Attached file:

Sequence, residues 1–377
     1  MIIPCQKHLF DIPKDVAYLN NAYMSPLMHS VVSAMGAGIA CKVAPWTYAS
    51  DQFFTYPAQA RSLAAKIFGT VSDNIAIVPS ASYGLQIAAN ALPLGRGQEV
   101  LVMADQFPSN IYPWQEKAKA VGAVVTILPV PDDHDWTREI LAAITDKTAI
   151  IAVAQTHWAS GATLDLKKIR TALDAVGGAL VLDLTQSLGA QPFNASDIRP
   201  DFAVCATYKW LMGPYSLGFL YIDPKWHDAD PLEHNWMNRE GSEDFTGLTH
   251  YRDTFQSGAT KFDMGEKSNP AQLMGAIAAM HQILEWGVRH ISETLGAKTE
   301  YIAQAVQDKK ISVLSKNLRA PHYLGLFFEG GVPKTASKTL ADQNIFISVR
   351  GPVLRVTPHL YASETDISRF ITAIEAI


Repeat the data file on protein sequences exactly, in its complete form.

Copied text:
Sequence, residues 1–377
     1  MIIPCQKHLF DIPKDVAYLN NAYMSPLMHS VVSAMGAGIA CKVAPWTYAS
    51  DQFFTYPAQA RSLAAKIFGT VSDNIAIVPS ASYGLQIAAN ALPLGRGQEV
   101  LVMADQFPSN IYPWQEKAKA VGAVVTILPV PDDHDWTREI LAAITDKTAI
   151  IAVAQTHWAS GATLDLKKIR TALDAVGGAL VLDLTQSLGA QPFNASDIRP
   201  DFAVCATYKW LMGPYSLGFL YIDPKWHDAD PLEHNWMNRE GSEDFTGLTH
   251  YRDTFQSGAT KFDMGEKSNP AQLMGAIAAM HQILEWGVRH ISETLGAKTE
   301  YIAQAVQDKK ISVLSKNLRA PHYLGLFFEG GVPKTASKTL ADQNIFISVR
   351  GPVLRVTPHL YASETDISRF ITAIEAI